There is one more method that, in my opinion, is the best way to find a hidden gem. Forget the guidebooks and the internet sleuthing. Replace it with a topo map and the loss of a little boot rubber. Not only is this a pretty much guaranteed way to find a secluded spot, but it is far and away the most fulfilling. Coming to a creek you have no info on and catching fish all day on dry flies or finding a covey of birds in a hidden pocket is an experience that is tough to top. The lack of expectations and the hope of finding the next good place keeps the motivation high to walk over that next ridge.

Deep in the burned and killed creek full of “dead” native trout
Public land isolation

In todays social media age, the ability to keep a spot off the map seems like a lost art. In theory though it is pretty simple, keep the geotag out of the picture and the name out of your mouth. If you want to have secret spots then keep ’em secret. If I’m your friend and we go bird hunting I don’t expect to be taken to your best spot, shoot if we go anywhere in your top five I’m gonna have doubts about you. What I’m getting at is if to be in the “in” crowd of social media outdoorsmen you’re required to give up the goods on local spots, then you might want to reconsider what you’re looking up to.

Less than 2 angler use days per year on average and hope it stays that way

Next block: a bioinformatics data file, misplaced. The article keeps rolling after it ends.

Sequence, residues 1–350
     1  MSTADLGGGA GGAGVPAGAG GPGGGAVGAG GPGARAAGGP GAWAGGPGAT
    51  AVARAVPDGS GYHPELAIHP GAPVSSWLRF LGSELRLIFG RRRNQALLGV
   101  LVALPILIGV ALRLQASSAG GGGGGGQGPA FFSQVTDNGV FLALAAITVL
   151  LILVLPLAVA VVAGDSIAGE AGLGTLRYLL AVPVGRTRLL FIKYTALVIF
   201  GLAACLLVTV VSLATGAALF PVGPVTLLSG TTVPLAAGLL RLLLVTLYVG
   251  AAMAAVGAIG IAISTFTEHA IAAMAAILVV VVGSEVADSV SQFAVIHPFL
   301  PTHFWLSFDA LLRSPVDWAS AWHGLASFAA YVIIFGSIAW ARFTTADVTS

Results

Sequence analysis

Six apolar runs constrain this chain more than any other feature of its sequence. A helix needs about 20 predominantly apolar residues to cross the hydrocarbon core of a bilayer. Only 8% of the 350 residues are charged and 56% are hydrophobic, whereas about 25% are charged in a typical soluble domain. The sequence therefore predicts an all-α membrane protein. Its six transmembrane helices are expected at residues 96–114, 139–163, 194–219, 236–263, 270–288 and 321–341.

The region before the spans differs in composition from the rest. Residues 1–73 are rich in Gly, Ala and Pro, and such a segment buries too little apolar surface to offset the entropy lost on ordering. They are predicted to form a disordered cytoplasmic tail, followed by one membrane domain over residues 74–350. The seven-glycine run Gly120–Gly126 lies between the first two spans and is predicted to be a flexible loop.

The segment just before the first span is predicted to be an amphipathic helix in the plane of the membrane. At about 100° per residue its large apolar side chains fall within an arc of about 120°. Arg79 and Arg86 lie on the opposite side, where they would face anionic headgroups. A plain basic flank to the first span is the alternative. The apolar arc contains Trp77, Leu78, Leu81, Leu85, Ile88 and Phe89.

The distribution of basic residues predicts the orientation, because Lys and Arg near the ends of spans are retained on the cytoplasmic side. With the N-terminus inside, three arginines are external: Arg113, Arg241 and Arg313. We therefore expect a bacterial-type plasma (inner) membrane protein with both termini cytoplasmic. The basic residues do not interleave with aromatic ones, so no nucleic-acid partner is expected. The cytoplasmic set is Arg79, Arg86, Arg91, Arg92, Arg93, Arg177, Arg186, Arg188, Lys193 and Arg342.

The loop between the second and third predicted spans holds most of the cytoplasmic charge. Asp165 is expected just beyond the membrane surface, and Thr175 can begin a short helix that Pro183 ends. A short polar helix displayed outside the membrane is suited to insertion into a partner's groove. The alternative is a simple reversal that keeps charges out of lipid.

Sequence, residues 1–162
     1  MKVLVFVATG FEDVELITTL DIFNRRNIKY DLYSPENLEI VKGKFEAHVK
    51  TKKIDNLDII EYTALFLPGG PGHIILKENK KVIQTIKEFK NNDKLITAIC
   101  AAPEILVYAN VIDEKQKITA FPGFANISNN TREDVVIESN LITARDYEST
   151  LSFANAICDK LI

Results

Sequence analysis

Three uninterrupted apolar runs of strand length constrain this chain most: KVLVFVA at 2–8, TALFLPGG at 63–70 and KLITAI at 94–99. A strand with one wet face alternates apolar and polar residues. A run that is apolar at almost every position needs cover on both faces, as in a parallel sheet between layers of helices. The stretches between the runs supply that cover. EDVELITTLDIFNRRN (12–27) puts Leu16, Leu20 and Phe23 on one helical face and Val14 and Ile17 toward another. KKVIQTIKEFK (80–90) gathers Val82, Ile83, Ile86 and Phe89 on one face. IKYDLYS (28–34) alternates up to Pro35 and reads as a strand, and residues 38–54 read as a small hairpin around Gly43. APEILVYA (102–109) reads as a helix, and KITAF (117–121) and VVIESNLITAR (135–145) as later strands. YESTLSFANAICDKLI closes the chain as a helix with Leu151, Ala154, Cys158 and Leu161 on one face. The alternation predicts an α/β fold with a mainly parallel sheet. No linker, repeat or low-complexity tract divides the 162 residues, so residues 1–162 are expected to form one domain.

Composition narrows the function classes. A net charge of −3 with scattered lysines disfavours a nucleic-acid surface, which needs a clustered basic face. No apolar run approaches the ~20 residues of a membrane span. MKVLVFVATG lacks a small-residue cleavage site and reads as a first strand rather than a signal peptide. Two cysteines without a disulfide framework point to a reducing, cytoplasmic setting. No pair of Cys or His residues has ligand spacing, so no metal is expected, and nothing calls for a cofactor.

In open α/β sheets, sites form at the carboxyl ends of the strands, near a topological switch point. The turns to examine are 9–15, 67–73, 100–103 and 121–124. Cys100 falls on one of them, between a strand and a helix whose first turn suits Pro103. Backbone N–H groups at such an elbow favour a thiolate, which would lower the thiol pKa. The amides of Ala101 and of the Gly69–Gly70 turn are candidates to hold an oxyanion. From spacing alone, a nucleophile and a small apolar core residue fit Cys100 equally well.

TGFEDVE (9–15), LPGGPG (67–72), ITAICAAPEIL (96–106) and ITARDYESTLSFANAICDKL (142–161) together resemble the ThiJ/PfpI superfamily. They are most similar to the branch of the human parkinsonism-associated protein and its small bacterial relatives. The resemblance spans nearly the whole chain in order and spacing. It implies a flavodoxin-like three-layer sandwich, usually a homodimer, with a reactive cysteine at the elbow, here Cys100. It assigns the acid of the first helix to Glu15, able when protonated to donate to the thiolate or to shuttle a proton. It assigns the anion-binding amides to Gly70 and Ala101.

If you take anything from this, get out and walk somewhere you’ve never been and don’t tell anyone the details. Or better yet, stay home and leave the good spots for me to find.

3 thoughts on “A Case Against Guidebooks

  1. I feel your pain. I live close to Banff and Lake Louise in Alberta. These areas are inundated with the masses every year, so much that the locals couldn’t even get close. The problem is now in managing the vast number of people who flock to one area. Do you have shuttle only access? Tour guide only access so you help the local people and economy (like Macch Pichu in Peru)? I think there are solutions to over-loving a spot, but the government needs to take the lead.

    On the flip side, I *know* exactly where all the tourists are going to be, so I can easily avoid them.

    Anyhoo – I originally came to your site because my step-dad (American) came to Canada for the fly fishing. He loved our Bow River. He practiced his fly fishing skills EVERYWHERE! Back alley. The park across the street. Even in the desert when he worked in Saudi Arabia!

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    1. I bet its really crowded up there, it is some incredible country! And shuttles/tours down here are definitely becoming more common which is helps some of the locals but puts these spots even more on the map. More and more the government agency that manages the land seems to be forced to use a permit system/area closure because they can’t afford to clean up after all the mess. The spots here definitely get even more crowded after an Outside magazine article or person with a big following comes through and blasts the location of the spot they went. I guess that’s the blessing and the curse of public land, I just hope people learn to use it more responsibly.

      And that’s awesome! I hope to fish up there sometime, there are some really awesome rivers I hope to fish someday!

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      1. Yes, the permit system. We have friends in Montana that love to river raft and canoe. Their trips work around the permit system. We have a few popular spots and huts in Canada that are on a lottery system. Its almost impossible to win a week though.